Berlin: A grim Christmas for many

Winter exposes the social decline in Berlin more revealingly than any other season, especially around Christmastime. Bitter conditions drive the homeless into the inner city to seek shelter. Special “winter buses”, operated by aid agencies, search the streets, bridges and back courtyards to offer relief to the needy. The number of starving, freezing people increases outside the city’s soup kitchens.

“I never thought I’d be standing here”, says a man in his mid-fifties, as he joins the soup kitchen queue at the Berlin Zoo railway station. He lost his job five years ago and initially took on odd jobs, before finding himself no longer able to compete with younger low-wage workers.

“If you can’t keep up with the young’uns any more, you’re a goner”, he says bitterly, but resigned. A bystander of about the same age agrees, adding, “And then you have to fend for yourself. None of the public departments or authorities provides any help”.

A gaunt man in his early thirties pushes a shopping trolley full of plastic bags. At first he is reluctant to answer any questions and just shakes his head in resignation. Then he falteringly admits that he has been living on the street for the last two years, having previously lost his job and his home. “The worst of it is”, he mutters without looking up, “you’re dependent on charity for your survival”.

A pensioner in his early seventies, better dressed than most in the queue, has made a point of coming specially to the Zoo railway station from another part of the city. He wants to avoid the shame of being seen by a neighbor or a friend when he lines up at the food counter. “I’ve worked all my life, but now I have to make do with a pension of €810 a month”, he says indignantly. “How am I supposed to do that when my rent has increased again this year, and electricity and gas are getting more and more expensive?”

The difference between the rich and the poor is most striking on Berlin’s grand boulevard, the Kurfürstendamm, not far from the railway station. During the day, sheer penury drives many people into placing begging notices on the walls of buildings, and forces them to seek refuge from the freezing night wind by huddling in sleeping bags in shop entrances. At the same time, the posh stores, guarded by security personnel and radiating bright light, entice their affluent clientele with luxury products.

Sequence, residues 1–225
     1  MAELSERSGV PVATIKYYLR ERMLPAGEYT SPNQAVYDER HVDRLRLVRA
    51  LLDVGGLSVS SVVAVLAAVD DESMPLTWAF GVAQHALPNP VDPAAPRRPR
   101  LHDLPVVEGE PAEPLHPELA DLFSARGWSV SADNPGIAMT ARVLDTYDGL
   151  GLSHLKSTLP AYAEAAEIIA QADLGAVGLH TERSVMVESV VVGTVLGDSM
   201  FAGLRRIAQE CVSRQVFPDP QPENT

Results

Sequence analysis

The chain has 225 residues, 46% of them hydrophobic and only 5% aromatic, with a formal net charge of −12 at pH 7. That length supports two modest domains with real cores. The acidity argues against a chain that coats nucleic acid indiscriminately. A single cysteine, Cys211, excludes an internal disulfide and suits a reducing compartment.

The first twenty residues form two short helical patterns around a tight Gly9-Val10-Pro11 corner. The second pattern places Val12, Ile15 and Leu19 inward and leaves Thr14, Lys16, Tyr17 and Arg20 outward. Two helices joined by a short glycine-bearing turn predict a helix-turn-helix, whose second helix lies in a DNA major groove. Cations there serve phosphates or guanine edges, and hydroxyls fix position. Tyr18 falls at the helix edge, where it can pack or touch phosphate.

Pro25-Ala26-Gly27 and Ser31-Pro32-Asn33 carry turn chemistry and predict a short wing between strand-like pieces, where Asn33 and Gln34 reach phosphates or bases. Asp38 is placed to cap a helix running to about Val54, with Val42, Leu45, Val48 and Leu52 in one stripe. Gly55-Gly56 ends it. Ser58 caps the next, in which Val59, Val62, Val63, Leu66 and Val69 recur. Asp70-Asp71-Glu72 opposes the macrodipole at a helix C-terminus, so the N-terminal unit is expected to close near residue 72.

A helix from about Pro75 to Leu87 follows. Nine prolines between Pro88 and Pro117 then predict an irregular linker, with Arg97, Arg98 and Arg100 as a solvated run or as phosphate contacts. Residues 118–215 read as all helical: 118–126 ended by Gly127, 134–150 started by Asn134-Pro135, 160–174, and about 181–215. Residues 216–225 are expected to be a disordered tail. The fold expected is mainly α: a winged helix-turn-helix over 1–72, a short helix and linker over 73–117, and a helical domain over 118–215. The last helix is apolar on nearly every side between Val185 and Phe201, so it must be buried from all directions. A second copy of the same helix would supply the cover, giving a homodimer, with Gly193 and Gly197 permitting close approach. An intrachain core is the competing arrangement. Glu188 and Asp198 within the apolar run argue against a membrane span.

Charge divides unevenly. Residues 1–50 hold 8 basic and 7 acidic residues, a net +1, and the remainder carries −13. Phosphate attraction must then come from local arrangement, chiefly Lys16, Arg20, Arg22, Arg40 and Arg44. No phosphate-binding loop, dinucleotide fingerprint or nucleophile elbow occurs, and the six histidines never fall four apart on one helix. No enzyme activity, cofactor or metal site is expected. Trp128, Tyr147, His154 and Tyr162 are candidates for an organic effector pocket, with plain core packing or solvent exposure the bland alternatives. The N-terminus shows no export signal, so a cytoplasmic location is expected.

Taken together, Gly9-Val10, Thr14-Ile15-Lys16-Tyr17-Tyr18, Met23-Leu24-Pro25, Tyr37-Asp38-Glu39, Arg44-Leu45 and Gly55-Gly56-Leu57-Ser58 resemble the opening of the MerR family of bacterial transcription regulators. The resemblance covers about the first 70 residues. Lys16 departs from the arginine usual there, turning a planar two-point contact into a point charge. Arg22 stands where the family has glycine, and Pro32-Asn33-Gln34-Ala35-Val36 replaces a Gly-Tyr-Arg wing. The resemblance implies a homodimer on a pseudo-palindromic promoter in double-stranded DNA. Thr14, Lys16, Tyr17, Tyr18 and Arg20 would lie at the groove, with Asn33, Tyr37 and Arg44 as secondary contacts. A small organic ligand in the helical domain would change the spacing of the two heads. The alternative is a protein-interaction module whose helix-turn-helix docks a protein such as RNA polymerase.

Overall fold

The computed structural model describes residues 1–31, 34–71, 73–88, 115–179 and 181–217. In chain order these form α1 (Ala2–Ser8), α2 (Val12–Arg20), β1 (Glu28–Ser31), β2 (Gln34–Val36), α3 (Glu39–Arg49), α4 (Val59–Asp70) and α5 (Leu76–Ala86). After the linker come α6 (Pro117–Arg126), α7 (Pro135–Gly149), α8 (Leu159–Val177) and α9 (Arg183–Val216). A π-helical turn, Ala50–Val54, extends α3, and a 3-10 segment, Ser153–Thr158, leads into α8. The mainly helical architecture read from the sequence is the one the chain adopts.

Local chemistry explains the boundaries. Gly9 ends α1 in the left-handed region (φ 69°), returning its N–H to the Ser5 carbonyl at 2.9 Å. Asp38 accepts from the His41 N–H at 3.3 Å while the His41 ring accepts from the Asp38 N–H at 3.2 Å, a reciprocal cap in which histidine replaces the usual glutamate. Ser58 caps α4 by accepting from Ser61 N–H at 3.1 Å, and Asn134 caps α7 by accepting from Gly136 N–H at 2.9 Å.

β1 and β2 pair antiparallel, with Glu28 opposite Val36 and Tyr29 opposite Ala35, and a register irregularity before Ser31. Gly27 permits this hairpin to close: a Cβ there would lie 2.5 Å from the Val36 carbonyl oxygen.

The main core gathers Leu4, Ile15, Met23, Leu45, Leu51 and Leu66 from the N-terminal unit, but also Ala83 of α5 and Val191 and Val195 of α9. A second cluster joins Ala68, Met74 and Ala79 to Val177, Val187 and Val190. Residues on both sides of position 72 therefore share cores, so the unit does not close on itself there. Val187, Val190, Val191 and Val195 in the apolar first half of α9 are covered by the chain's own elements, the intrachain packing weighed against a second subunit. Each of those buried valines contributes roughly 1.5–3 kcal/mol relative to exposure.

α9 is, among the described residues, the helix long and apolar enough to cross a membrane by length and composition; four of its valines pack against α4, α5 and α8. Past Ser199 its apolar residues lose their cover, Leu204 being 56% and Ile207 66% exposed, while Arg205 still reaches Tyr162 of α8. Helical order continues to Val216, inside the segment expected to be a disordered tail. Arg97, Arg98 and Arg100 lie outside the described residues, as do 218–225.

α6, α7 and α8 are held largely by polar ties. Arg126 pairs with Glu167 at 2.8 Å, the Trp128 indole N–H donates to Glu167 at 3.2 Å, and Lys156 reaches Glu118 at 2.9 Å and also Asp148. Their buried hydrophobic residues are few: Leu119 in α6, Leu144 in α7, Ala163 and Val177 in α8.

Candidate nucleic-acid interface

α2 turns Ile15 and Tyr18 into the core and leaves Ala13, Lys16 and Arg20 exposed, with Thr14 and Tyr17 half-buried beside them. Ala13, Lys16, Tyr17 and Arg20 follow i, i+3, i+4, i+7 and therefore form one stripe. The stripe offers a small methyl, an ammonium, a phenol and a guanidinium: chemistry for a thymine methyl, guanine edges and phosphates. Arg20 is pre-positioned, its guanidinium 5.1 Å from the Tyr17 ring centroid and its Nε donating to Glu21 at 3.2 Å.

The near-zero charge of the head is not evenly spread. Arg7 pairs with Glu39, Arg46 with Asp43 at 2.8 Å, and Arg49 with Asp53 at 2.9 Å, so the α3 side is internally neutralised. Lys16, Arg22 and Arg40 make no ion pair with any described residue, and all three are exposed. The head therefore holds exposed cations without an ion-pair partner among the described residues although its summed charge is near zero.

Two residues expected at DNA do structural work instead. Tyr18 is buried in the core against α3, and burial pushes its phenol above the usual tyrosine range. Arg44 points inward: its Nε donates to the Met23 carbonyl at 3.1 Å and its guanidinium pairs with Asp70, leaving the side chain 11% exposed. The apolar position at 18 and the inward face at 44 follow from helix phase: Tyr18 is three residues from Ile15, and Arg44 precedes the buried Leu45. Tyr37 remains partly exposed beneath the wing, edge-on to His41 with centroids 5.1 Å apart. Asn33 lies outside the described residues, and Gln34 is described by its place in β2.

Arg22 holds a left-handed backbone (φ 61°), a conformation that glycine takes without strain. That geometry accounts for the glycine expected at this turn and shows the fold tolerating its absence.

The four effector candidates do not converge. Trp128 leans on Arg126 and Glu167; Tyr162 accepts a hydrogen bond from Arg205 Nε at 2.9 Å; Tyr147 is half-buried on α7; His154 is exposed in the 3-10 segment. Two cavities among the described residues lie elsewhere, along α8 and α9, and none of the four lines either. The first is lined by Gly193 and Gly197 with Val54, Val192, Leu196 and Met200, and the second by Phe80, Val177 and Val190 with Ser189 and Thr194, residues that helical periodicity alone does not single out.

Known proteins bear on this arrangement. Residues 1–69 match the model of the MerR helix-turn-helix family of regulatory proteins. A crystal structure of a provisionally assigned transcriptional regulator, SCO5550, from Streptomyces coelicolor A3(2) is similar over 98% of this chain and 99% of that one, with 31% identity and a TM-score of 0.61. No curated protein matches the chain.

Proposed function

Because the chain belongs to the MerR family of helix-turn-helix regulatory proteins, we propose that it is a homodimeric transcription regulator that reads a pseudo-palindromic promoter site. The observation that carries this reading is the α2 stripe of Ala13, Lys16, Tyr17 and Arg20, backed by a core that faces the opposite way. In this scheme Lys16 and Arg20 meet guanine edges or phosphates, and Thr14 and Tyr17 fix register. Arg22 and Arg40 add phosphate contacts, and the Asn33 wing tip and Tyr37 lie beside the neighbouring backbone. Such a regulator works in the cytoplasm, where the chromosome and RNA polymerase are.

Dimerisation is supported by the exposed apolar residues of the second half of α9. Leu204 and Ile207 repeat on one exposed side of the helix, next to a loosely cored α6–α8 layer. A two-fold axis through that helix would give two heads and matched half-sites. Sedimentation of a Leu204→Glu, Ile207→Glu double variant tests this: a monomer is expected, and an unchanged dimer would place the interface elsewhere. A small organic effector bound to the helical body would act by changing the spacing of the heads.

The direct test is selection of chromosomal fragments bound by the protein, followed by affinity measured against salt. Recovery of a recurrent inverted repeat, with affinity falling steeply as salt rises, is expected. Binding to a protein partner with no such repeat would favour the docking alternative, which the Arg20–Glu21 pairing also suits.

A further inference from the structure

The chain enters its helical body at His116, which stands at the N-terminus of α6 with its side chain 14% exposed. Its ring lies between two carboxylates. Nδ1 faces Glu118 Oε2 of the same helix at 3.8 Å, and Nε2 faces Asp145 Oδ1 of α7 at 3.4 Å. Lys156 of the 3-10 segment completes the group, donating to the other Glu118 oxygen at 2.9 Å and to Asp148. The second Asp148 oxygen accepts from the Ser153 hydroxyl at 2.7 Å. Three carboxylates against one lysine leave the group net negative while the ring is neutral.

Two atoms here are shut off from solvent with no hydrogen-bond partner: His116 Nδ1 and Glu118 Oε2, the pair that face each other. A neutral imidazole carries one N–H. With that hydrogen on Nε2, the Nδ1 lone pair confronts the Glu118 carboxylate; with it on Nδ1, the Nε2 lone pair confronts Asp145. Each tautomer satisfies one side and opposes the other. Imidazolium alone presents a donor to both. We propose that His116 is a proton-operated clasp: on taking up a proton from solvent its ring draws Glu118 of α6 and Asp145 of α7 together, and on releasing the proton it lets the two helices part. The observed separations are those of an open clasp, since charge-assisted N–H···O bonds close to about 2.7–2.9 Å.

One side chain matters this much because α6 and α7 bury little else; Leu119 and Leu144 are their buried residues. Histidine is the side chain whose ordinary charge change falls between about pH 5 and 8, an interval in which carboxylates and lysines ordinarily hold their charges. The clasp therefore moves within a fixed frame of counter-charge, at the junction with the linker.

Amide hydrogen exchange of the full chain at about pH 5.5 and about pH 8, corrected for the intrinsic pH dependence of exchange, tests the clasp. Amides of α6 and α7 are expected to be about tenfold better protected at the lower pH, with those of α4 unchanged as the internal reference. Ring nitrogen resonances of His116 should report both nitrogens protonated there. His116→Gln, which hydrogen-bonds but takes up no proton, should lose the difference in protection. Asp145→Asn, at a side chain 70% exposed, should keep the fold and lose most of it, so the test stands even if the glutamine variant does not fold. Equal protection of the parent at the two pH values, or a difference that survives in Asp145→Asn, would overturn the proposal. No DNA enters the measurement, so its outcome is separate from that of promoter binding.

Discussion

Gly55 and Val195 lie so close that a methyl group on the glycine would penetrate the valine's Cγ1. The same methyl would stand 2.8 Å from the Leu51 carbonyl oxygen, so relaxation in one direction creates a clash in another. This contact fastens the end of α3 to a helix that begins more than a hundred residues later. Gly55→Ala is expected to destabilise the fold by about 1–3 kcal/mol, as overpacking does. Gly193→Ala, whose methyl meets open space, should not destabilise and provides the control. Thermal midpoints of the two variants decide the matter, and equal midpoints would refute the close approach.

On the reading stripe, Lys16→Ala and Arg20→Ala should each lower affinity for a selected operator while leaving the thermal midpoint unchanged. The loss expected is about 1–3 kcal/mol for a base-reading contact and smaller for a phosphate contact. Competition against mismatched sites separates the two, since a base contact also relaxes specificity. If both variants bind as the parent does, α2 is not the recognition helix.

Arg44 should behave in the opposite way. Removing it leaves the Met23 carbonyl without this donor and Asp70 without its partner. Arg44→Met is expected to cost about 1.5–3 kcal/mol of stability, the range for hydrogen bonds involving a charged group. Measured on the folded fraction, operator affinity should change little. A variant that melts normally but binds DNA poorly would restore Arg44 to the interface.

The Berlin Senate, which again this year has cited budgetary constraints to justify closing down or reducing services at district libraries, youth clubs and care centres for the elderly, has no concerns about economising when it comes to the Christmas lights on Kurfürstendamm. Under a social democratic mayor, retail trade revenues take precedence over the misery of those who have to struggle for survival at the lower end of the social scale.

On a kiosk behind a young woman selling a newspaper for the homeless hangs a newspaper with the headline: “Almost one in five children lives in poverty”. A study by the Joint Welfare Association shows that the number of poor people in Germany has increased by half a million over the last year. This means an additional 500,000 people who will have to survive each month on less than 60 percent of the average German income.

While many of the wealthy are crowding onto the “Ku’damm” and creating a distorted image of German society in general, the country’s poverty reveals itself only in clusters on the outskirts of Berlin. No elaborate Christmas lighting and no Gucci, Armani or Louis Vuitton emporia are to be found in Spandau or Marzahn-Hellersdorf, where most of Berlin’s Hartz IV welfare recipients live. These neighbourhoods constitute the abode of 60,000 of the 80,000 people who were ordered by the Berlin authorities last summer to move to new accommodation. This edict was forced upon them because the increased rents they had to pay exceeded the rate allowed for Hartz IV recipients.

Here live people like Monika, a 42-year-old single mother, who has to care for two children as well as a bedridden mother. Or like Jan, who moved away from home at 16 years of age, was denied a job with the firm where he served his apprenticeship as a mechatronics engineer, and had to return to living with his parents at 19, having unsuccessfully searched for a job for six months. Or the almost 80-year-old Juliane, who comes from Romania, has worked as a seamstress all her life, but has been denied a pension in Germany and only receives the miserly Hartz IV allowance because she lacks the necessary papers.

“Life is getting harder every year”, says an elderly man who is taking a break at Lichterfelde railway station, after rummaging through bins and containers for empty bottles and buying himself a pack of cigarettes from the proceeds of the deposits. An outreach worker, who has been talking to two teenagers, agrees and adds: “But I get the feeling people won’t be meekly putting up with this much longer”. One of the youths loudly agrees with him: “The brazen way the rich grab everything for themselves and the way people like us here are treated is nauseating lots of other people, too, especially the younger ones”.

Those around him nod in agreement, and while the young man angrily kicks at a paper bin, the social worker says: “No one speaks or writes about it yet, but there’s one thing you can really sense here: The social climate is getting colder and people are getting angrier. Lots of tempers are seething and threatening to explode”.